Farm Progress

Epizootic hemorrhagic disease is not spread to people.

September 14, 2017

2 Min Read
CATTLE SYMPTOMS: Cattle may show signs of EHD such as swelling of the muzzle, oral erosions, salivation, off-feed condition and fever.

The first confirmed case of epizootic hemorrhagic disease (EHD) was recently confirmed in both white-tailed deer and cattle in Ohio. The virus was diagnosed by the Ohio Department of Agriculture’s Animal Disease Diagnostic Laboratory.

The positive diagnoses were from a cow in Jefferson County and a wild white-tailed deer buck in Lorain County. The discovery is not unusual, as cases of this infection have been detected in both wild and captive white-tailed deer in Ohio in the summer and fall of each of the last several years. In fact, significant disease outbreaks in Ohio have occurred every five years, the last in 2012. The Ohio Department of Natural Resources Division of Wildlife reports numerous dead deer from Columbiana and Jefferson counties. EHD has also been confirmed in neighboring counties in Pennsylvania and Kentucky.

EHD is not infectious to people and is not spread from animal to animal. It is transmitted by the bite of small midges, so infections are often seen in Ohio in late summer and early fall. EHD-associated deaths can occur up through the first frost of the year. Once infected, deer show symptoms within five to 10 days, and many deer die within 36 hours of the onset of symptoms. People should always avoid touching or handling sick or dead wild animals.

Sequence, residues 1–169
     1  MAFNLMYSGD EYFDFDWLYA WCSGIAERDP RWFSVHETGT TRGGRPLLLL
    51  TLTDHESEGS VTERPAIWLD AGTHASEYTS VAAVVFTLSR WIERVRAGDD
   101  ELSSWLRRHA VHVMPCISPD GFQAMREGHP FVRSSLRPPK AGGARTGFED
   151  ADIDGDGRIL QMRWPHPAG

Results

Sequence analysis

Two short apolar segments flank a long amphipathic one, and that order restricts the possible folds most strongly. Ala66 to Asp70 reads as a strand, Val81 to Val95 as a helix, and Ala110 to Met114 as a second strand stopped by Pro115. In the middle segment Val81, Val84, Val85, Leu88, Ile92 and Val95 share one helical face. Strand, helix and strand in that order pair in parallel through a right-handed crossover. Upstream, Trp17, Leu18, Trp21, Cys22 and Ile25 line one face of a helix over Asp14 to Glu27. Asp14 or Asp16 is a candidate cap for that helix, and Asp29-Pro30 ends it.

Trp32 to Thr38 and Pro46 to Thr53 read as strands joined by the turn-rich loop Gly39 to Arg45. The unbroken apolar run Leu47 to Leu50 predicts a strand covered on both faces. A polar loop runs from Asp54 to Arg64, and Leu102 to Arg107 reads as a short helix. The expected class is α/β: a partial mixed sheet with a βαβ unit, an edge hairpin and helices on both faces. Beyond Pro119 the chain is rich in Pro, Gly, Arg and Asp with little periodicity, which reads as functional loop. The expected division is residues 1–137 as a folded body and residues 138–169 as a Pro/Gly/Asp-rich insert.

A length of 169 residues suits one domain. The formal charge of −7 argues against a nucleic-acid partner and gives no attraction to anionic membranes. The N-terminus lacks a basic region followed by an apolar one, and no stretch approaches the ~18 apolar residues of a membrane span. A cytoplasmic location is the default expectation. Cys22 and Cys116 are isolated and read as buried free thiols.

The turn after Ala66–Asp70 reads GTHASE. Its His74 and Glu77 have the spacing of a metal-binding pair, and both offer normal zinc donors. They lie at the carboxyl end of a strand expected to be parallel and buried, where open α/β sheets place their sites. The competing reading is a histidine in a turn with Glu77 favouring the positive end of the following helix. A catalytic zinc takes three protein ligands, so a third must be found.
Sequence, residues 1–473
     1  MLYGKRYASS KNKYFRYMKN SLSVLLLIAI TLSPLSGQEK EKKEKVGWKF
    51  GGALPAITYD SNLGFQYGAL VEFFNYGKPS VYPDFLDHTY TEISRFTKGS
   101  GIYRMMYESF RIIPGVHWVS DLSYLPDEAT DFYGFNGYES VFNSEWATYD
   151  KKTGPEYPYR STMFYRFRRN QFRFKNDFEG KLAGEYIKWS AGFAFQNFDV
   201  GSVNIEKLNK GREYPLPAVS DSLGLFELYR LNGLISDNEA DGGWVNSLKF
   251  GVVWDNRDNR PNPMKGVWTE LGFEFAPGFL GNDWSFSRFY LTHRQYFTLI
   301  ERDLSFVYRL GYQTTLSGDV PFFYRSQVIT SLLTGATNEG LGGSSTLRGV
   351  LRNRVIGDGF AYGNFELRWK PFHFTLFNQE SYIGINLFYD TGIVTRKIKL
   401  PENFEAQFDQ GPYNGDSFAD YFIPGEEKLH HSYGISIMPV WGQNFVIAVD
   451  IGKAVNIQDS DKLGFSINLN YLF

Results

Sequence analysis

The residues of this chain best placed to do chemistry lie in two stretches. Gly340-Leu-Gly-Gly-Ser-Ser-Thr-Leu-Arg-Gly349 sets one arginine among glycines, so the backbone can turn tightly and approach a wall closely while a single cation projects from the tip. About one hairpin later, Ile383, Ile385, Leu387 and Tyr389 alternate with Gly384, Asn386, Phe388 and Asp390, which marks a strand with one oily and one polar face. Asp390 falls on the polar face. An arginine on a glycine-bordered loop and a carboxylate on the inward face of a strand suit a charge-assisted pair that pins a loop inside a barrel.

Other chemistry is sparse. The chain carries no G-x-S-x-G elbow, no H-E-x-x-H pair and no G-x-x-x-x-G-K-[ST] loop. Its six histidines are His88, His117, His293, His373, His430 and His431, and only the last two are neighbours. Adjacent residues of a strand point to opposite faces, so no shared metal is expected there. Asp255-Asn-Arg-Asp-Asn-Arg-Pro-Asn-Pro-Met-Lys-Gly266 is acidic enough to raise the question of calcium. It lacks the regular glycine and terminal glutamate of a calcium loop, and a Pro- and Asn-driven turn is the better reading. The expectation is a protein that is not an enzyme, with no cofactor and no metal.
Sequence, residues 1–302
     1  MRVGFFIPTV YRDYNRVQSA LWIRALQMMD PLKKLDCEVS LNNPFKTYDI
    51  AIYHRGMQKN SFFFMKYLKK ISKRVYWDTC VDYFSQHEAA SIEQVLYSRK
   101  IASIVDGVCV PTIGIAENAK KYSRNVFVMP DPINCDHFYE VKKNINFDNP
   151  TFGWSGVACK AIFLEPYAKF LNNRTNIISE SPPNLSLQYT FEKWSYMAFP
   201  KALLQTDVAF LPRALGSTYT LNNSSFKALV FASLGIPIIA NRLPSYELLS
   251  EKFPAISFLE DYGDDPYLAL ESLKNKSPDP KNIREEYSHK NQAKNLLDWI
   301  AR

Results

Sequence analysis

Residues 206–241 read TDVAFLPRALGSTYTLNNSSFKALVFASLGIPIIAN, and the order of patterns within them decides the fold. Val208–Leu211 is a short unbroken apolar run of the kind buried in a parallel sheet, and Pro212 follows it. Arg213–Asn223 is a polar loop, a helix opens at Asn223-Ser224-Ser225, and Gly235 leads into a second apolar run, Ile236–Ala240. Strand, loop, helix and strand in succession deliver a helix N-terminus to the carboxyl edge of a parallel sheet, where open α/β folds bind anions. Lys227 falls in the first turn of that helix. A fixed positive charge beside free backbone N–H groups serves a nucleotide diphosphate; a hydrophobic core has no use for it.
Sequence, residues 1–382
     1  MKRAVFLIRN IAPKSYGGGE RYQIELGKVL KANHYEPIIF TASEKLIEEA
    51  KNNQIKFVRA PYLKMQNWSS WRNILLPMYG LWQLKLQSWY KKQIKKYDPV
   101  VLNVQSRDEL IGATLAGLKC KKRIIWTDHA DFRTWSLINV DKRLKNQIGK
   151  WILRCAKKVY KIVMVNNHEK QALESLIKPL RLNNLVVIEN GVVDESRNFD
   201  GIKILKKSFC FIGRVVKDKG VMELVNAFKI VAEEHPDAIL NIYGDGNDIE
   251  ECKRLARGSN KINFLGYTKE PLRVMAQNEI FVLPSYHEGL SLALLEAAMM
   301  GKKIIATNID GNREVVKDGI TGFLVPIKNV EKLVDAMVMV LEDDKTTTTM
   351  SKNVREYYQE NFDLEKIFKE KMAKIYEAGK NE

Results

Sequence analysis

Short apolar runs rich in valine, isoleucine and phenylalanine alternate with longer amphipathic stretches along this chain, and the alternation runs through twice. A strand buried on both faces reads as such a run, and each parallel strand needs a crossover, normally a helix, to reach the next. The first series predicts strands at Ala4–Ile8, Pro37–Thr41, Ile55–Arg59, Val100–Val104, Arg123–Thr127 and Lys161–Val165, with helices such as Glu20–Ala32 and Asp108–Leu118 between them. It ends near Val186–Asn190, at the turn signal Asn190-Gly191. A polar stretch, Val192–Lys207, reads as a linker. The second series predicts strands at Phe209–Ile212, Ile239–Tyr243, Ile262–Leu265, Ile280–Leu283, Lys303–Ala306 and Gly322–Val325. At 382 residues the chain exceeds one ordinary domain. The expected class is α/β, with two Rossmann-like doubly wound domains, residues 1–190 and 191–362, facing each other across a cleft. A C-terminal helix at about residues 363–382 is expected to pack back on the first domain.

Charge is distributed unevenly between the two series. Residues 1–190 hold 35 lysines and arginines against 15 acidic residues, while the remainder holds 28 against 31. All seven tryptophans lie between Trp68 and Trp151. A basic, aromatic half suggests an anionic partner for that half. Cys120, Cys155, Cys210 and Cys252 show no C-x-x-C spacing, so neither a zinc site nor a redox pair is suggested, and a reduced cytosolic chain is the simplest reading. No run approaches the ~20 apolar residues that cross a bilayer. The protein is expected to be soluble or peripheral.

White-tailed deer, along with mule deer, elk, bighorn sheep and pronghorn antelope, are susceptible to the disease. Deer infected with this virus may show symptoms including lethargy, head hung down, loss of fear of humans, swelling of the tongue and head and neck, difficulty breathing, and excess salivation due to tongue swelling or ulcers in the mouth. Affected deer are often found in or near bodies of water, likely due to fever and dehydration.

Cattle may show signs including swelling of the muzzle, oral erosions, salivation, off-feed condition and fever. Affected cattle and sheep may also show signs as described for deer as described. Such cases in cattle and sheep may mimic other reportable diseases such as foot-and-mouth disease, bluetongue and vesicular stomatitis. Producers and animal owners are strongly encouraged to report such cases to their veterinarian.

Veterinarians have been alerted about the confirmed tests and should report suspect cases in livestock to ODA at 614-728-6220. Sightings of sick or dead deer should be directed to the Division of Wildlife at 800-WILDLIFE. 

Source: ODNR


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